My mother is is philosophical about figs, looks at a basket of them and sighs.
It's fall, she says, with the weltschmerz available to those who are German. It's really, truly fall. Gone is spring, she says, taking a bite. At least these, in their perfect ripeness, at lease these, right before their ultimate decay, they're perfect. I had a melancholic childhood, obviously.
However, there were figs, and plenty of them: big fat California ones that when the juice ran down your chin hinted of another way of life, a hedonistic, embodied Mediterranean way, where for fun people talked loud, and danced, and at weddings they shot fireworks into the air, and didn't read Goethe.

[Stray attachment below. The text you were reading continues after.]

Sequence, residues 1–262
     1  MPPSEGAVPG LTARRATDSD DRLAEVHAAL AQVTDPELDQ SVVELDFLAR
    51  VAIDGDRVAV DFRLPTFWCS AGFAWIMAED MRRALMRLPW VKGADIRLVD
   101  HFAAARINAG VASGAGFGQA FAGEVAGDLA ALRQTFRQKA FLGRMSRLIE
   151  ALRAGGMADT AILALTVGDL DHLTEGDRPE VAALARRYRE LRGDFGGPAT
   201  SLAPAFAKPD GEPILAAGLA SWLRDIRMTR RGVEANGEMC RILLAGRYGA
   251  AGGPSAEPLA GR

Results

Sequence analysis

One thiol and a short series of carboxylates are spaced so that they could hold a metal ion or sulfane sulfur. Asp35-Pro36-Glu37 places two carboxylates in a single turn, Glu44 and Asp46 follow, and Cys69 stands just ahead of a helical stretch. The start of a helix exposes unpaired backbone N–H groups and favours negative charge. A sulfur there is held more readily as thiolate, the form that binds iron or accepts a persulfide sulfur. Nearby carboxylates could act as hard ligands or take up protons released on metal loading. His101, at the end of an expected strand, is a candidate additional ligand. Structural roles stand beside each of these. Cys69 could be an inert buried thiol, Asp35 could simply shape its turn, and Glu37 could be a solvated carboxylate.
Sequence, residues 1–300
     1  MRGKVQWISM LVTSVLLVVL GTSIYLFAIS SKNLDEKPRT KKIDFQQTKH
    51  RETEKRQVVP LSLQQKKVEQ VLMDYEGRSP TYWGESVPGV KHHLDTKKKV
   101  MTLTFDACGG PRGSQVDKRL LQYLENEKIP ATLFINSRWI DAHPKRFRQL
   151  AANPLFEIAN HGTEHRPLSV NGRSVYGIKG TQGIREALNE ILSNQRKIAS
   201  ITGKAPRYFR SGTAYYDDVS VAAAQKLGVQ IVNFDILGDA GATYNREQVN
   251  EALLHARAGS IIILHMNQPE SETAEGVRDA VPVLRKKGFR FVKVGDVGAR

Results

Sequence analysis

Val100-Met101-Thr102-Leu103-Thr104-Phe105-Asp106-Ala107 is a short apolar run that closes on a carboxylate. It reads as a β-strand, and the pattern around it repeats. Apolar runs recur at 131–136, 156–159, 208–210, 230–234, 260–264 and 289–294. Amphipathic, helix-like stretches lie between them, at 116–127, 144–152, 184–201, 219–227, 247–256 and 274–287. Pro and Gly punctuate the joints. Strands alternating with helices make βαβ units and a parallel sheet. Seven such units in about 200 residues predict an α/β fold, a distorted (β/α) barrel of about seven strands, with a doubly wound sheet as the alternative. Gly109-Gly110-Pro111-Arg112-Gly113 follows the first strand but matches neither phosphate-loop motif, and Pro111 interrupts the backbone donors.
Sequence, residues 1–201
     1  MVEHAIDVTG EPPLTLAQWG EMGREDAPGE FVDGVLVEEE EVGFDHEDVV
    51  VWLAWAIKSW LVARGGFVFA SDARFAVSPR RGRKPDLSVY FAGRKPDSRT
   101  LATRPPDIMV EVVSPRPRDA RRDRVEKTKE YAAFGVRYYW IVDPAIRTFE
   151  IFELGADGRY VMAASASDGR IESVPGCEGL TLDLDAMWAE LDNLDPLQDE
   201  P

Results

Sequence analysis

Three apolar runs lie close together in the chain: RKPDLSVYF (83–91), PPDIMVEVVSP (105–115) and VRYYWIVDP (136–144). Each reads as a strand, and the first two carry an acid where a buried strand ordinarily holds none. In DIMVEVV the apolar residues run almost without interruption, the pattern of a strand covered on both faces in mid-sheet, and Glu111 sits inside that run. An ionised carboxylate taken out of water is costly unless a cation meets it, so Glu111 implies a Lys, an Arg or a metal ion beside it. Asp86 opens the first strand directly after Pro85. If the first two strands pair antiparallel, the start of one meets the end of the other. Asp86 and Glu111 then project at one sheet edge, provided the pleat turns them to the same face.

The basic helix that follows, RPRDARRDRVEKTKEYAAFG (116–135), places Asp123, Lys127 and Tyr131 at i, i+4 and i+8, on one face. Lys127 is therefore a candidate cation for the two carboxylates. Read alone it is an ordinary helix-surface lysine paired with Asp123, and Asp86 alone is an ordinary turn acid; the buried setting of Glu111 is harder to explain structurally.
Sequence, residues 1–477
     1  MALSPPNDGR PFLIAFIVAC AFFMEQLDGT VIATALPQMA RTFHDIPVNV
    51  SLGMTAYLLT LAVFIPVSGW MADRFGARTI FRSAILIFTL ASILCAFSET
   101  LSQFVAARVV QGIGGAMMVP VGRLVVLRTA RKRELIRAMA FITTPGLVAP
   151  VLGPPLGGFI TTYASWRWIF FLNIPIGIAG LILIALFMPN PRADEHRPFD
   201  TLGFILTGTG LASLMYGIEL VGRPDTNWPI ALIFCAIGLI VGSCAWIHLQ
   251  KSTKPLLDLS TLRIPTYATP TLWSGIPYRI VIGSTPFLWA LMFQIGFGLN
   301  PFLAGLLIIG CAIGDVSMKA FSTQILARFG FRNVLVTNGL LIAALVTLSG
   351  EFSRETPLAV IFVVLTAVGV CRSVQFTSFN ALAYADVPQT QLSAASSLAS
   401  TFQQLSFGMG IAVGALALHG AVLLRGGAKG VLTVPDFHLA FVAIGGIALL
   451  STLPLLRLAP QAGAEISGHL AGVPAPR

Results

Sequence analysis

A big fig tree grew by the farmhouse and my mother would be thrilled as only the German can be thrilled to forage in its branches. I was instructed to hold the colander, and I loved it's various heavinesses as my mother worked. First, a puppy in my arms, then it would be so full of purple figs, it'd feel like Newfoundland.